When you view Tony’s work tonight, think of that journey.

Whilst walking on a journey you become aware of your breathing.

Air going into your body, air going out.

This is something intrinsic when viewing the series of work known as discs and accordions.

Some of the ‘shards’ and vertical sharp contract shoulder to shoulder into a tight visual space, breathing in.

Then others, offering the same design, breathe out, with the expanse of negative space allowing them to stretch out along the wall.

Breathe in and out.

When viewing Tony Twigg’s work you sense design within interiors, the architecture of built objects shaping environments and living spaces.

Breathe in and each work has a sense of collage, a collection of juxtaposed objects, lines, shapes.

Breathe out and each work has a feel of being a painting. The surfaces are treat with subtle variable tones soaking into the wooden plane.

Breathe in and each work becomes a drawing, the line of nature drifting and then pushing.

Breathe out and each work contains a history of the artist looking and observing for many, many years.

Look at the main sculpture Five Sticks, and your senses immediately trigger into non specific indigenous references, Tiwi pukamani poles, Javanese carvings and then our modern western tradition of Brancusi and Arp.

Twigg has spent a lifetime of inquiry and observation. This is evoked in the book we launch tonight, ‘Encountering the Object’ edited by Gina Fairley. Flicking through it alongside the substantial essays are images of Tony’s work sitting next to urban or rural photographs that echo the source and intent of the work.

Tonight we also congratulate and celebrate the contribution Gina Fairly, has made to Tony’s art practice. Since being in relationship with Gina there has been a shift in Twigg’s work, a calmness and repose echo in the lines and shapes.

When talking about Twigg’s journey we must also articulate his almost forensic research into the life and time of the artist
Ian Fairweather in Asia.

From finding apartments he once stayed in; to landing on the beach where Fairweather’s raft was washed up, Twigg continues to make a valuable contribution to our knowledge of this great artist.

In return, Fairweather’s journey has allowed Tony to embark on his own quest as an Australian artist engaging in Asia.

As the exhibition title, Ricochet, suggests, you can see and feel this artist’s journey…..Kuala Lumpur, Manila, Singapore and now for the first time in many years, Sydney.

Tony Twigg
5 Sticks in any order (standing), 2004/10
Enamel on timber construction in 5 parts
265cm x 140cm x 130cm

Thursday, April 29, 2010


Congratulations to the finalists of the Plein Air Art Prize, 2010.

Three exhibiting artists, Tom Carment, Gabrielle Collins and Isabel Gomez, have been selected as finalists for the Plein Air Art Prize, this year judged by Anita Taylor, director of the National Art School.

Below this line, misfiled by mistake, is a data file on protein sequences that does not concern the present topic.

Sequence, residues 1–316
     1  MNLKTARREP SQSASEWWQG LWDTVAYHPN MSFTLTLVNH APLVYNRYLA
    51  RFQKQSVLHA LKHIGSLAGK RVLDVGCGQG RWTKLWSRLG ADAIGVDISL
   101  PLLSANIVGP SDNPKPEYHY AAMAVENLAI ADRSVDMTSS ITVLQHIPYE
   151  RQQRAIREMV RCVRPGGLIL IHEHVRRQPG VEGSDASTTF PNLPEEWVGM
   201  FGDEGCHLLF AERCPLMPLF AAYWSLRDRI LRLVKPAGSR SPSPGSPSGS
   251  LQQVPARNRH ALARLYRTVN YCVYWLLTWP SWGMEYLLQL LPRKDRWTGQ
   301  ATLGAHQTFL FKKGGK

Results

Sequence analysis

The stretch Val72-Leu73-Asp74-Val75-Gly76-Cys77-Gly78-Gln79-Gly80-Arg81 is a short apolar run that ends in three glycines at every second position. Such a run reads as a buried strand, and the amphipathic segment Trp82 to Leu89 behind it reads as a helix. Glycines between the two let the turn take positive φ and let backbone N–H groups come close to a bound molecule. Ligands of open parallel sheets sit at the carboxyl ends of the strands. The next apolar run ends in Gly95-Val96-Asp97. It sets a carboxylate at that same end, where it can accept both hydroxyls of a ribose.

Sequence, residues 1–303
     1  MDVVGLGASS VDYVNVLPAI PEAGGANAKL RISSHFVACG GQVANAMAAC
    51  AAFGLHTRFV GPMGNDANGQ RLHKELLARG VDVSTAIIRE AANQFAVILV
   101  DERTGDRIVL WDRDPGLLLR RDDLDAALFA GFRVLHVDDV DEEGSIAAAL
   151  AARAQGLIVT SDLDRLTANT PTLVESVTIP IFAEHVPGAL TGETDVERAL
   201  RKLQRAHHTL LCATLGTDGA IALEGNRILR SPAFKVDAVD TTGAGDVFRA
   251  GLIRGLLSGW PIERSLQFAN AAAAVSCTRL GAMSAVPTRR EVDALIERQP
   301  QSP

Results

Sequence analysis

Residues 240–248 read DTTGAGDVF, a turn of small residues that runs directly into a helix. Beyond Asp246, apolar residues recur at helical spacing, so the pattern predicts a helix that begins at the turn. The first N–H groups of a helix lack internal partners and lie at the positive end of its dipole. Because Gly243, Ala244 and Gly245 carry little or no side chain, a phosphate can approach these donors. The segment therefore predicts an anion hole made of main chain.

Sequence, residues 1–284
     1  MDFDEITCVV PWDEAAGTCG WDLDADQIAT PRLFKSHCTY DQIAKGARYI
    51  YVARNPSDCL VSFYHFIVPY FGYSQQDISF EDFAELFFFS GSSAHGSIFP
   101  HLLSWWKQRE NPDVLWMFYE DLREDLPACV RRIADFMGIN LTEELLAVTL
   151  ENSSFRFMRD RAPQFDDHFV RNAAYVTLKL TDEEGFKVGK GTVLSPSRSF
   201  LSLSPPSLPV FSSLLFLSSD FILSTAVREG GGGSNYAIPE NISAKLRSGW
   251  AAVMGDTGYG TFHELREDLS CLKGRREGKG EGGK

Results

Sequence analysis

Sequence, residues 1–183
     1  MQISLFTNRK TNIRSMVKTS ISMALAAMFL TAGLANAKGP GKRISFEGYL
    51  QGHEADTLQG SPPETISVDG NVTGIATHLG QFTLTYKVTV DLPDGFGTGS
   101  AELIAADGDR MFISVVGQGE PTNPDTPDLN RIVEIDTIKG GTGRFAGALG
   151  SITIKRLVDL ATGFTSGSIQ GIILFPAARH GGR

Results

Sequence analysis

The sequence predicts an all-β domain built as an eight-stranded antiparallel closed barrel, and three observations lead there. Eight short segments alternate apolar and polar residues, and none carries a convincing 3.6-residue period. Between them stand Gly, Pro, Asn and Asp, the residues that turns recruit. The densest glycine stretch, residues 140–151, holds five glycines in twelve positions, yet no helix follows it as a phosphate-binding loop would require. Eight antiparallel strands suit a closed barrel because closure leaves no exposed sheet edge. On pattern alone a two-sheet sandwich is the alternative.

The artworks are available for viewing at the NSW Parliament, Macquarie St, Sydney from 3 May - 3 June, 2010.

Tom Carment
Port Botany, March 2010
70cm x 118cm
oil on wooden panels

Gabrielle Collins
Harbour I
30cm x 21cm
oil on board

Isabel Gomez
From Under the Bridge
47cm x 37cm
oil on canvas

Isabel Gomez

Newcastle Ports
64.5cm x 32.5cm

oil on canvas

Wednesday, April 21, 2010




For Tony Twigg the journey (of his work) has been crucial in the way his work demonstrates an integrity of purpose over a long time, and in a very literal sense, namely his ceaseless travelling through Southeast Asia. But more interesting are the encounters along the way which have acted like lightning rods, moments of explosive concentrations of artistic insight, precipitating major shifts in the work. For Twigg, this movement has exposed him to culturally embedded visual experiences which helped him to make sense of what he had been trying to do before he began his travels.

With the timber constructions Twigg was aiming to create a single image that would stand for the entire story. 'I was looking,' he says, 'for a history that corresponded to an emotion... perhaps I didn't find it, but I found a city that did- Manila.' Living, working and exhibiting in Manila, the Australian narrative content was clearly no longer relevant, so Twigg abandoned the figurative element in his work and began working with abstraction. If this decision was triggered by a realisation that his earlier Australian narratives would not make sense to a Filipino audience, it was equally the result of his encounter with Filipino culture and beyond.

Twigg collects images as he moves through Asia, especially of the layering of materials such as bamboo on timber; that kind of arm wrestle between the organic and the urge to achieve some order. There is a tenuousness and provisionality about this built environment. Walls and fences are made up of loosely connected elements that seem to be permanently at the point of falling apart. The form, in other words, is a product of the materials at hand. In a similar way, Twigg's ovoid forms combine found eucalypt branches with off-cuts of milled timber in reductive compositions, which summarise his collected images.

Although Twigg abandoned figuration, the narrative and figurative hover fugitive and furtive in the background. The verticals have a 'portrait format' and we reads in heads, arms and legs. The are totemic in feel and conjure up visual memories of Cycladic art, Alberto Giacometti and David Smith. The ovoids, on the other hand, remind me of those transitional landscapes of Piet Mondrian, except that in Twigg's constructions the ovoid perimeters counteract the figurative.

Excerpt from Paul McGillick, "Material Encounter: The art of of Tony Twigg" published in
Tony Twigg: Encountering the Object, 2009.